Friday, April 02, 2010

Cruising the Web

Walter Russell Mead examines how the Obama administration is pushing away and offending our traditional allies while playing nice for our adversaries. It's a plan, but it isn't working all that well for us. Maybe there is a reason that we usually try to reverse those approaches in foreign policy. But Barack knows better.

Charles Krauthammer writes today
on the same theme, especially on how Obama has treated Britain since he became president. He's at a loss for a rationale.
How can you explain a policy toward Britain that makes no strategic or moral sense? And even if you can, how do you explain the gratuitous slaps to the Czechs, Poles, Indians and others? Perhaps when an Obama Doctrine is finally worked out, we shall learn whether it was pique, principle or mere carelessness.
Perhaps, Obama is just taking to extreme his desire to take the not-Bush approach to foreign policy. That's not enough.

John Lott looks
at the tradeoffs of severely restrictive handgun registration rules. Think of what the police could be doing instead of spending hours registering handguns.

David Pietrusza, who has written two very enjoyable books on the elections of 1920 and 1960, outlines the parallels between Obama and Woodrow Wilson. While no historical parallel is perfect, they do abound between Obama and Wilson. Having written my honors thesis on Wilson and the Polish question at the Paris Peace Conference, Wilson has long been one of my least favorite presidents. His sanctimonious sense of his own superiority shines through in all his personal records. Yup, I can see the parallels.

Veronique de Rugy runs the numbers. Guess who benefited the most from the stimulus? Teachers.

Michelle Obama delivers a science lesson to the kids brought in for her photo-op work in the White House garden. "The first lady of the United States, dirt on her knees, then taught the children how to do 'the rhubarb dance,' which consisted of wiggling fingers and casting a voodoo-like spell on the herb and chanting, 'Grow, rhubarb, grow.' She then marched them rhythmically around the plot. 'You gotta shake it!' she instructed."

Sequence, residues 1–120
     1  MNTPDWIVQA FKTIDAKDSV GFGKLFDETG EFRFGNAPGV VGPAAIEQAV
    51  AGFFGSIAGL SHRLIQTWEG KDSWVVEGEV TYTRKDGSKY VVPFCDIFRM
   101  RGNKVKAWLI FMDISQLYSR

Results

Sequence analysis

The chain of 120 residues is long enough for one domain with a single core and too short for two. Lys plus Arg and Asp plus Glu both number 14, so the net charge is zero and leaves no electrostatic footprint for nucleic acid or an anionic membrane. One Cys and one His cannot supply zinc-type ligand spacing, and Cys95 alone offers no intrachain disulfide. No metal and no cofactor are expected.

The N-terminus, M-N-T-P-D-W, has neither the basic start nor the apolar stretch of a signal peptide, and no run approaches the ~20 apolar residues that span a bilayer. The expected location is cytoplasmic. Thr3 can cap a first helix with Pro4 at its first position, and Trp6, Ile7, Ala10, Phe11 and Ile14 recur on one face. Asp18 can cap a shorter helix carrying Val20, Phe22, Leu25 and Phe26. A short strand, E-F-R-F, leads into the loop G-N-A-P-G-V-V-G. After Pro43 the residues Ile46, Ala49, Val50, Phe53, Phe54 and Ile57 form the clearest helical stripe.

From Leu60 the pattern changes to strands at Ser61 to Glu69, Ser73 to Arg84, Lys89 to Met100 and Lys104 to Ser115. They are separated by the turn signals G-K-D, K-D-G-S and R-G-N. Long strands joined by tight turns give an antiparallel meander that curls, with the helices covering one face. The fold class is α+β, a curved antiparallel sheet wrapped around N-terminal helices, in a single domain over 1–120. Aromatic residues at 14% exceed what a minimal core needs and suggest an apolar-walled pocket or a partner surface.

Ed Morrissey links
to this story at the Daily Caller by Jon Ward about how Henry Waxman inserted a provision into the health care bill that will leave states open to lawsuits from Medicaid patients if they can't get service from doctors. Just as doctors are refusing to take Medicaid patients because of the lower reimbursement rates that states provide them. If patients can't get service and are able to sue their states successfully, our broke states will be on the hock for even more money as they have to raise their reimbursement rates for Medicaid patients.

One CBS reporter, Mark Knoller, works hard to keep the stat sheet on presidential data.

David Harsanyi has a suggestion
before CEOs have to obey Henry Waxman's demand that they provide his House committee with their email messages about health care reform.
Would it not be helpful for Congress to first provide taxpayers with any documents — including e-mail messages, sent to or prepared or reviewed by elected officials — regarding this historic health care reform bill?

Maybe if Congress applied a fraction of the transparency it demands from corporate America to its own dealings, it wouldn't have to rely on pompous bullies like Waxman to stifle free speech.
Apparently, taking different approaches to policy than Henry Waxman and Barack Obama now has to be justified under oath before the Congress.